Judging from this clarification, it seems that a position is being created
that the Indus valley civilisation was the sole active player in the
separation of Dravidian from non-Dravidian communities, and that we should
shun any attempt to use the word Indic, as that might show unnecessary
respect to the Indus valley lot, in comparison. But is this true, or an
accurate reflection of historical events, or is it just blurred hindsight,
or even some agenda?

Here's the relevant excerpt from the page on the Indus valley civilisation:

See also: Substratum in Vedic Sanskrit

The IVC has been tentatively identified with the toponym Meluhha known from
Sumerian records. It has been compared in particular with the civilizations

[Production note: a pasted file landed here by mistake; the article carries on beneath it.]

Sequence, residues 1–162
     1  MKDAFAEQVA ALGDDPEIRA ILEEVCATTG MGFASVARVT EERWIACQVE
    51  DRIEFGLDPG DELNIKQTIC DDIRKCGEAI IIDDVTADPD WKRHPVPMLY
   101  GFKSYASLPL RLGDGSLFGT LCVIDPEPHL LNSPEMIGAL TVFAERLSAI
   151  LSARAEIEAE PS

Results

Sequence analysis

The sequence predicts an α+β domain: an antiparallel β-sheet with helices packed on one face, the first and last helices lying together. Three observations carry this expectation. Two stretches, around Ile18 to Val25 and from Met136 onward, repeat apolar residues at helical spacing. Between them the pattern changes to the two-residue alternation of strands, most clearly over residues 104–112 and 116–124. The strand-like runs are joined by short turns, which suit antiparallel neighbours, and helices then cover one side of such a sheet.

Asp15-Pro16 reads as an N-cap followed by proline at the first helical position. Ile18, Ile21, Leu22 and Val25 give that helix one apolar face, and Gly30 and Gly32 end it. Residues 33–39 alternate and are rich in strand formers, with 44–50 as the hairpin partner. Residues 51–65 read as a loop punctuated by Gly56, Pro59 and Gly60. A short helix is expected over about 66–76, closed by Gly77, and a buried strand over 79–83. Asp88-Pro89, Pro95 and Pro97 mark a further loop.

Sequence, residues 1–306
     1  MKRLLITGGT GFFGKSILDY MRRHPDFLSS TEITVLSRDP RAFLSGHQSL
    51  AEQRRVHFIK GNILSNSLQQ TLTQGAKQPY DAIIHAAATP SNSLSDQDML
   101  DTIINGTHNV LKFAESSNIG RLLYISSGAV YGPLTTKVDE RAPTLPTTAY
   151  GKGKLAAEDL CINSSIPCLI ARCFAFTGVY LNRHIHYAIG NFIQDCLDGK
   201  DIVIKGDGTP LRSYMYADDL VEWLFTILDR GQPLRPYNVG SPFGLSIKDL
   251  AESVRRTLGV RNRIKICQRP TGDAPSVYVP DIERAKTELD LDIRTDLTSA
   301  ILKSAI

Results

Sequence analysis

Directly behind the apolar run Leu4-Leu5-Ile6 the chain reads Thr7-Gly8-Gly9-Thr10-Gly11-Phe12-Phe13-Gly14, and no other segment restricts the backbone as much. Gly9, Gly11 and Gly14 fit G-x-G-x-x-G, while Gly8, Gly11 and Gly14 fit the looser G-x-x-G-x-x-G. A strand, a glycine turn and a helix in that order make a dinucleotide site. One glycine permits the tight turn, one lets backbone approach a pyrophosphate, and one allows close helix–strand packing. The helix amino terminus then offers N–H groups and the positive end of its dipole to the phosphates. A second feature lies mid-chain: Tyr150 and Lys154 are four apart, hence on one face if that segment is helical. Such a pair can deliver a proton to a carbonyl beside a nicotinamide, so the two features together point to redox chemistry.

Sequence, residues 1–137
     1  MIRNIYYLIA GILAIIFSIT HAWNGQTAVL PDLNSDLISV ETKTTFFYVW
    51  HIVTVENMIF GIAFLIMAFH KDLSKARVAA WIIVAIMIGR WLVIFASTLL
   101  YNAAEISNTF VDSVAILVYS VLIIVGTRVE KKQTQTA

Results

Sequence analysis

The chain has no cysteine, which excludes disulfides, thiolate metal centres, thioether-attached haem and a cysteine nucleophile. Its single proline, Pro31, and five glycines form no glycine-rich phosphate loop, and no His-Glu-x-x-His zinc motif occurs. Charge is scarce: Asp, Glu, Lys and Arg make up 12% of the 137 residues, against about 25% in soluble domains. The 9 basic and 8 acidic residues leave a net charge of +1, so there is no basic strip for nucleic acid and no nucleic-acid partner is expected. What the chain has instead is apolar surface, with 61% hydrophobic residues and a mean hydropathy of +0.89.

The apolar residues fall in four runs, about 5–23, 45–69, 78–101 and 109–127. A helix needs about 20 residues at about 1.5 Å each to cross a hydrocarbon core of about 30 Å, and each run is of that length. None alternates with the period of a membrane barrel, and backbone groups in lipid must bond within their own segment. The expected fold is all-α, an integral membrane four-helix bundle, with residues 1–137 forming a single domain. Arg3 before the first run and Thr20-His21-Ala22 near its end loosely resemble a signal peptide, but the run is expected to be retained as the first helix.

of Elam (also in the context of the Elamo-Dravidian hypothesis) and with
Minoan Crete (because of isolated cultural parallels such as the ubiquitous
goddess worship and depictions of bull-leaping). [87] The mature (Harappan)
phase of the IVC is contemporary to the Early to Middle Bronze Age in the
Ancient Near East, in particular the Old Elamite period, Early Dynastic to
Ur III Mesopotamia, Prepalatial Minoan Crete and Old Kingdom to First
Intermediate Period Egypt.

After the discovery of the IVC in the 1920s, it was immediately associated
with the indigenous Dasyu inimical to the Rigvedic tribes in numerous hymns
of the Rigveda. Mortimer Wheeler interpreted the presence of many unburied
corpses found in the top levels of Mohenjo-Daro as the victims of a warlike
conquest, and famously stated that "Indra stands accused" of the
destruction of the IVC. The association of the IVC with the city-dwelling
Dasyus remains alluring because the assumed timeframe of the first
Indo-Aryan migration into India corresponds neatly with the period of
decline of the IVC seen in the archaeological record. The discovery of the